Half-year earnings at Paddy Power, Betfair and Poker Stars owner Flutter Entertainment rose 35% year-on-year as a jump in poker and gaming players more than offset a global sports shutdown at the world's largest online betting group.
The Covid-19 pandemic called a near total halt to global sports occasions for two months from mid-March.
Big events popular with gamblers like the English Premier League were put on hold and the 2020 European Championships were postponed by a year.
Flutter Entertainment reported higher revenues for the six months to the end of June despite the "challenging" conditions created by the outbreak of Covid-19 but posted a big drop in its pre-tax profits.
The company said its outlook remains highly uncertain, due to potential further Covid-19 related disruption and possible regulatory change across various markets.
Flutter said its half yearly reported revenues jumped by 49% to £1.522 billion from £1.020 billion the same time last year, but its pre-tax profits sank by 70% to £24m from £81m.
Its adjusted earnings before interest, tax, depreciation and amortisation (EBITDA) rose to £684m, including 2019 and 2020 Stars Group revenues, with whom it completed a $6 billion merger in May.
The company said that from the middle of March onwards, the impact of Covid-19 disruption was felt across its businesses in different ways.
The widespread disruption to the sporting calendar materially impacted its sports and retail businesses, it added.
It said this was most acute in Europe where as well as all mainstream sports being postponed, UK and Irish horse racing was suspended for over two months.
In Australia, and to a lesser degree the US, horse racing continued behind closed doors, experiencing a higher level of prominence on mainstream television in the absence of competing sports.
"This higher exposure, coupled with the closure of retail betting, led to an accelerated migration of customers from retail to online. It remains to be seen whether these customers will continue to bet online as retail outlets re-open," Flutter said.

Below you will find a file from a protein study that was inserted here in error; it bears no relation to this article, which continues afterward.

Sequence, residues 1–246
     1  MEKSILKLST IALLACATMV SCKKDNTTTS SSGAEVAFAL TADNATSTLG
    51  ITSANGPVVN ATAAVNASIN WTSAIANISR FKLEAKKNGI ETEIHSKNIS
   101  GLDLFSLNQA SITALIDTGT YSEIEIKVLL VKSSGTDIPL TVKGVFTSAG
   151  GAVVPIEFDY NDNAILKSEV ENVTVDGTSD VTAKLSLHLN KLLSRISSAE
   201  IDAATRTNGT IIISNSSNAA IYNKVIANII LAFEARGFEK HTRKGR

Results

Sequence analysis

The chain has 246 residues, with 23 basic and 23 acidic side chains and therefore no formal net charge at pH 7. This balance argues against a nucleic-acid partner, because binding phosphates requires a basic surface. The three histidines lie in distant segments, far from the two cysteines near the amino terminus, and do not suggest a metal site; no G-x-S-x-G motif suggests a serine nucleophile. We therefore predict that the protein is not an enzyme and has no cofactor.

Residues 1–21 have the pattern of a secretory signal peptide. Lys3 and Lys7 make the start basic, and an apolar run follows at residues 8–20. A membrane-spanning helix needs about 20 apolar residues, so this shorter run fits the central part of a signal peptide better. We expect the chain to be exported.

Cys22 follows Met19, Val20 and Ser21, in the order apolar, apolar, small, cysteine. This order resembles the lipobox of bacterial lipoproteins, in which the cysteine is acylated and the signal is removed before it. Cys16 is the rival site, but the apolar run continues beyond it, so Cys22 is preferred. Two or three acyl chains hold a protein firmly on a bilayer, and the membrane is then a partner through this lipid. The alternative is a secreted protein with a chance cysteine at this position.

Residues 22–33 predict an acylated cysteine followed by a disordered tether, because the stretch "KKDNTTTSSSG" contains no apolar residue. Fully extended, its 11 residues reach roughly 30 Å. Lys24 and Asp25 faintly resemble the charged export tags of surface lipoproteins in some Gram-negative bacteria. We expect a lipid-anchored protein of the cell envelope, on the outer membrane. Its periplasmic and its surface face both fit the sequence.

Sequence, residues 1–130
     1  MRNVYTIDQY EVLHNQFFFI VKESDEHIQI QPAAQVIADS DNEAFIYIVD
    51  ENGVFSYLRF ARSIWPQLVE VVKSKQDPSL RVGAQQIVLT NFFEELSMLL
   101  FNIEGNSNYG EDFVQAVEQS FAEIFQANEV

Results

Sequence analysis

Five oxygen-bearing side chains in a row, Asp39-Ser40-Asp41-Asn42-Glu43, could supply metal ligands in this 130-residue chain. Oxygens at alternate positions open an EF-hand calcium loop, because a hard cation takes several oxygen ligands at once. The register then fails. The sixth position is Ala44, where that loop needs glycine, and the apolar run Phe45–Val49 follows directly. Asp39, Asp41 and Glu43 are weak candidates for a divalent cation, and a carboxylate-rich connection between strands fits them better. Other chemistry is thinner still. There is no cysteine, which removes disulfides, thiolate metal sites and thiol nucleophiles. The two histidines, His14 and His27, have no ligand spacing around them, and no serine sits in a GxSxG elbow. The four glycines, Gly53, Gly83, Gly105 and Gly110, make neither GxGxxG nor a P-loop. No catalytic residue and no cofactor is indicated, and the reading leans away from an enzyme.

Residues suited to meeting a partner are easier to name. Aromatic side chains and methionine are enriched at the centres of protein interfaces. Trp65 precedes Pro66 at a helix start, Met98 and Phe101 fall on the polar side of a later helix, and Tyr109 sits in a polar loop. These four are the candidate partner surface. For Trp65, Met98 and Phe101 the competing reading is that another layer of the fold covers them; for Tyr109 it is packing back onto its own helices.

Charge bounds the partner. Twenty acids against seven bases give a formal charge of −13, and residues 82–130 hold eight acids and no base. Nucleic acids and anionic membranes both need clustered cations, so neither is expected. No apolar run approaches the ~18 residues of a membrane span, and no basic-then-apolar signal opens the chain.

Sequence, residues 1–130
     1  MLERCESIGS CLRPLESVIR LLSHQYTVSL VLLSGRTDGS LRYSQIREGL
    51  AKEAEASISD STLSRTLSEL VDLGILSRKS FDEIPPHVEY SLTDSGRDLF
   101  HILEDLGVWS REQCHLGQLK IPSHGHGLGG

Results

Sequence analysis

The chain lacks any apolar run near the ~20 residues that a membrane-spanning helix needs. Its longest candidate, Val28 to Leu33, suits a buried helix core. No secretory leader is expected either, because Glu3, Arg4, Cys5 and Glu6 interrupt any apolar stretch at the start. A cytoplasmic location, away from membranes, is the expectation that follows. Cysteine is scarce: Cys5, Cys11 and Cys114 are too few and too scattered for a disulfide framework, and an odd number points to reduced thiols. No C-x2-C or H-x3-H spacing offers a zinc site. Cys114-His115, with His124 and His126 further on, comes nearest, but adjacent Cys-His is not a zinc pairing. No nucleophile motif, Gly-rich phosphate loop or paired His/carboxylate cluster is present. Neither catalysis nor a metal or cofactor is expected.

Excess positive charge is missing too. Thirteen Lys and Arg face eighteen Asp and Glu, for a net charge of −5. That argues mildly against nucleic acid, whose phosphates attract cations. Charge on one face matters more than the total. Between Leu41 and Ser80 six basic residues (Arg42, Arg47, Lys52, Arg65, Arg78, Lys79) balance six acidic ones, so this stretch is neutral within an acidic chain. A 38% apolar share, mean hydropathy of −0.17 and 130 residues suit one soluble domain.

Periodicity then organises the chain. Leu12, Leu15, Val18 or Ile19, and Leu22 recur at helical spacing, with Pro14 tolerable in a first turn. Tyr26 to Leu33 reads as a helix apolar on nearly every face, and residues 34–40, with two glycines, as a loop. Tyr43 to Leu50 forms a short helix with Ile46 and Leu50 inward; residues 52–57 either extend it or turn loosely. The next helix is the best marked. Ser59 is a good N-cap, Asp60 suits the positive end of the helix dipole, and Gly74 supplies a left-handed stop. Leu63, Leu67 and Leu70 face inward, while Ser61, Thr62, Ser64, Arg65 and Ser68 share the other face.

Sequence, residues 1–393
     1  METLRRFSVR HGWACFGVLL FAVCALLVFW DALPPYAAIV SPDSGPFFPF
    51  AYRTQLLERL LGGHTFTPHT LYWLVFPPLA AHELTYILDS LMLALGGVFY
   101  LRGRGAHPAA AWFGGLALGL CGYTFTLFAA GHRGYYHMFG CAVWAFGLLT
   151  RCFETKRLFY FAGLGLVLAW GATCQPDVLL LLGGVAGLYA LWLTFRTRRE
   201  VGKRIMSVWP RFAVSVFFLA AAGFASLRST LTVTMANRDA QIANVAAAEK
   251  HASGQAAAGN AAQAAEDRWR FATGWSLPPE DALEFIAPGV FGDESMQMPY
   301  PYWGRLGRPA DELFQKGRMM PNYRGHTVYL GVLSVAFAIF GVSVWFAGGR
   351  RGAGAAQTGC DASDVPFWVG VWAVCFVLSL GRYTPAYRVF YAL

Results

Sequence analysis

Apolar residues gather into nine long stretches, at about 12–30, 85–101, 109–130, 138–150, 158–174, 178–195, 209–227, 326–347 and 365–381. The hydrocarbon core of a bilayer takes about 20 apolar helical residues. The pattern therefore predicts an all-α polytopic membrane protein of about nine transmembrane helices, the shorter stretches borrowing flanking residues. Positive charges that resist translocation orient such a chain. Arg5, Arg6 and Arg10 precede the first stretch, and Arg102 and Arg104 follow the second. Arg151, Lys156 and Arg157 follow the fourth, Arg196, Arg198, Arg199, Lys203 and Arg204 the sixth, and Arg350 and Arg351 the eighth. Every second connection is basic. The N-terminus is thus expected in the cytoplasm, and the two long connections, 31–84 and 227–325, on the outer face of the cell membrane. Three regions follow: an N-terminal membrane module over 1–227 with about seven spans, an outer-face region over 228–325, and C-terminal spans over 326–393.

But in contrast to its sports betting operations, Flutter's poker and casino businesses experienced a major uplift in player numbers as people sought new ways to entertain themselves while staying at home.
It said that PokerStars' average daily gaming customers increased 70% year-on-year in Q2, despite relatively low levels of marketing investment.
"This pattern was similar to that seen at PPB and SBG where average daily gaming actives were up 65% in the second quarter," the company added.
Flutter said that customer activity has been encouraging since the resumption of sports.
The first half of 2020 also saw the completion of Flutter's merger with The Stars Group.
The company said the deal increased its scale and enhanced the diversification of its revenue streams, both on a product and geographical basis.
Peter Jackson, Flutter's chief executive, said that the second half of the year has started well, with good sports betting performance following the return of major sport events, whilst gaming performance has remained resilient.
"Looking ahead, we have identified promising opportunities to increase investment across the group and, while the outlook with respect to Covid-19 remains highly uncertain,
the diversification of our group means we approach the future with confidence," the CEO added.
Assuming no material further disruption to sporting events, Flutter said it was expected full year EBITDA of between £1.175m to £1.325m.
That excluded its heavy investment into the US, where an EBITDA loss of £140-160m loss is expected throughout 2020.